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A Perfect Solution, or a Flawed One?

A few years ago, I learned of a brilliant solution for the average American investor: the target-date mutual fund. Here was the main problem it addressed: Few people have the time or skills to study stocks, bonds, and funds and to shift assets from one to another according to our changing needs as we age.

Enter target-date funds. The idea was that if you planned to retire in 2030, you'd buy into a "2030" fund. So when 2030 is far away, the fund would own mostly stocks. But as 2030 approaches, a greater percentage of assets would go into bonds. And the fund manager takes care of all the money moves for the investor.

Take an example: The Vanguard Target Retirement 2025 (VTTVX) fund. Target-date funds often invest in a bunch of funds from the family's lineup. So this fund recently had 61% of its assets in Vanguard's Total Stock fund, 23% in one of its bond index funds, 8% in its European Stock fund, 4% in its Pacific Stock fund, and 3% in its Emerging Markets fund. That gives you exposure to lots of different types of companies:


10-Year Annualized Return

Holdings Include

Total Stock (VTSMX)


Oracle, IBM (NYSE: IBM  ) , Johnson & Johnson (NYSE: JNJ  )

European Stock (VEURX)


BP (NYSE: BP  ) , Novartis (NYSE: NVS  )

Pacific Stock (VPACX)


Toyota Motor, BHP Billiton

Emerging Markets (VEIEX)


China Mobile (NYSE: CHL  ) , CNOOC (NYSE: CEO  ) , Taiwan Semiconductor (NYSE: TSM  )

Source: Morningstar.

Seems perfect, right? Well, not so fast. The idea sounds great in theory, but in actuality, it's a bit more complicated. In fact, a recent problem has the Securities and Exchange Commission and the Department of Labor both looking into reforming and setting standards for the target-date niche.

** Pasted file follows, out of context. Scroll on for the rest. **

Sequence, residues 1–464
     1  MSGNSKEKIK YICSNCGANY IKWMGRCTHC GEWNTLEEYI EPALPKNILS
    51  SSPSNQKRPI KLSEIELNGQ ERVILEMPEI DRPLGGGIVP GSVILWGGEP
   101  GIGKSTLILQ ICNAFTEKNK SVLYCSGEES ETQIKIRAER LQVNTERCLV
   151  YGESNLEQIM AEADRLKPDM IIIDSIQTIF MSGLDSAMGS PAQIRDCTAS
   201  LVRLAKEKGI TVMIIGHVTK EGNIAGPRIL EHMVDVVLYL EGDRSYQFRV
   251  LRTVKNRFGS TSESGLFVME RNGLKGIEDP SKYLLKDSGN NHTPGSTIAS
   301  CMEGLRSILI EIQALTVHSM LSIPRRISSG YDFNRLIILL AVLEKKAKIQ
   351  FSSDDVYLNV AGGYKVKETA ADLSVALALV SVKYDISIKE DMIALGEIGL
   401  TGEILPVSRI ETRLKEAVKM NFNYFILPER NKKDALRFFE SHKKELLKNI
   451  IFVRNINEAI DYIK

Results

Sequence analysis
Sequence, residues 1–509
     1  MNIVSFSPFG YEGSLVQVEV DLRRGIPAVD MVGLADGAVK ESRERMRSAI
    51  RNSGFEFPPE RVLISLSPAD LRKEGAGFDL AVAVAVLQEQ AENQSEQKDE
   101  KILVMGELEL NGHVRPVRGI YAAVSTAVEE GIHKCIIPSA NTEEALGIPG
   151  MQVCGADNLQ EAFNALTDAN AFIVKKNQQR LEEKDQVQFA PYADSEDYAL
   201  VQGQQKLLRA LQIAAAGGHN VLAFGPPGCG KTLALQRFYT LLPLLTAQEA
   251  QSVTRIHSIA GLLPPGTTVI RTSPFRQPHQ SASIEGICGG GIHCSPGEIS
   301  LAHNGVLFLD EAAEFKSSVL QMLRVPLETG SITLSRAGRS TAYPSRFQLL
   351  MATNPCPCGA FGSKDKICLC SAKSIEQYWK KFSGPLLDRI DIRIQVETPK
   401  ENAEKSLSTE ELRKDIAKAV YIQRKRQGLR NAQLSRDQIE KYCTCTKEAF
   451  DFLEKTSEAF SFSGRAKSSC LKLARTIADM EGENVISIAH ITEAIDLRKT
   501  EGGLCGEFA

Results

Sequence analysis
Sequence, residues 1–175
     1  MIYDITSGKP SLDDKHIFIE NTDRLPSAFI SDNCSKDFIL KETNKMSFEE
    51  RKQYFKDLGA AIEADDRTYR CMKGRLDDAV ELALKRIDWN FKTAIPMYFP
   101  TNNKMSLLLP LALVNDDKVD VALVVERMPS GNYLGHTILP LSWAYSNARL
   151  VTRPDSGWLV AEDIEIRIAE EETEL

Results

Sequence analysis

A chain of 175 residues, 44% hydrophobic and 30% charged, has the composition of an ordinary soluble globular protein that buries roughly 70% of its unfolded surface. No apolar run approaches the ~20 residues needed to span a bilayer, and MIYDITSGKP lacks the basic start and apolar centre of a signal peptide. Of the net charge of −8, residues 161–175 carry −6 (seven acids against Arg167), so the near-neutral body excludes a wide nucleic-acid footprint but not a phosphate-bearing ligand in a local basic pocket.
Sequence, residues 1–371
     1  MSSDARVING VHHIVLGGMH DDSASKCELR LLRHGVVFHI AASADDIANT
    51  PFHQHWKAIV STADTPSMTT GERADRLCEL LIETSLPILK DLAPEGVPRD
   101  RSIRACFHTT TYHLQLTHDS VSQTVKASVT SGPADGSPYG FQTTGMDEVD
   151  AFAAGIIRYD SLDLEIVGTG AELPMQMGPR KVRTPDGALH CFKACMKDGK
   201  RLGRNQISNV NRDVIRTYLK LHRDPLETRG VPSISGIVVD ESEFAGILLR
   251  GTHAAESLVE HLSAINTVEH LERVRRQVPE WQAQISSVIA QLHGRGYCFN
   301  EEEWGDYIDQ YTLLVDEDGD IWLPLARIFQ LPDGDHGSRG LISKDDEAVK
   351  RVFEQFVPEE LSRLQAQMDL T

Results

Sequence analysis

The problem? Some target funds proved to be riskier than their investors thought -- even funds with nearby target dates. For example, in 2008, when the overall stock market dropped by nearly 40%, 2010 target-date funds, whose shareholders are assumed to be just a year or two from retirement, lost between 4% and 40%. Now, sure, they won't all invest exactly alike, but sheesh -- that's quite a surprising range!

Check out these allocations for 2025 funds:

2025 Fund



2008 Return

Expense Ratio

Vanguard Target Retirement 2025





Franklin Templeton 2025 (FTRTX)





Alliance Bernstein 2025 (LTIAX)





Putnam Retirement Ready 2025 (PRROX)





Source: Morningstar.
*Plus a sales load of up to 5.75%.
**Plus a sales load of up to 4.25%.

You can see a wide range of allocations, fees, and returns. Clearly, these funds all purport to do the same thing -- invest for you and your retirement around 2025 -- but they're doing so in different ways and with different degrees of success. The difference in fees is starkest. You can pay very little, such as less than a fifth of a percent with Vanguard ($9 out of $5,000), or quite a bit, such as Putnam's 1.23% ($62 out of $5,000, plus a load of up to $288).

What to do
The lesson is to take a close look at any fund you buy into, and monitor it at least a little, over time. You don't want it straying so that it no longer invests in a way that makes you comfortable. You also want to make sure you're not volunteering much more in fees than you need to. By keeping a focus on target funds and how they fit into your overall portfolio, you'll make sure you don't get any nasty surprises down the road.

Learn more:

To learn a lot about mutual funds and get pointers to some outstanding ones, test-drive our Motley Fool Champion Funds newsletter service. A free trial will give you access to all past issues and every recommendation.

Longtime Fool contributor Selena Maranjian owns shares of Novartis and Johnson & Johnson. Johnson & Johnson is a Motley Fool Income Investor selection. CNOOC and Novartis are Motley Fool Global Gains picks. Try our investing newsletter services free for 30 days. The Motley Fool is Fools writing for Fools.

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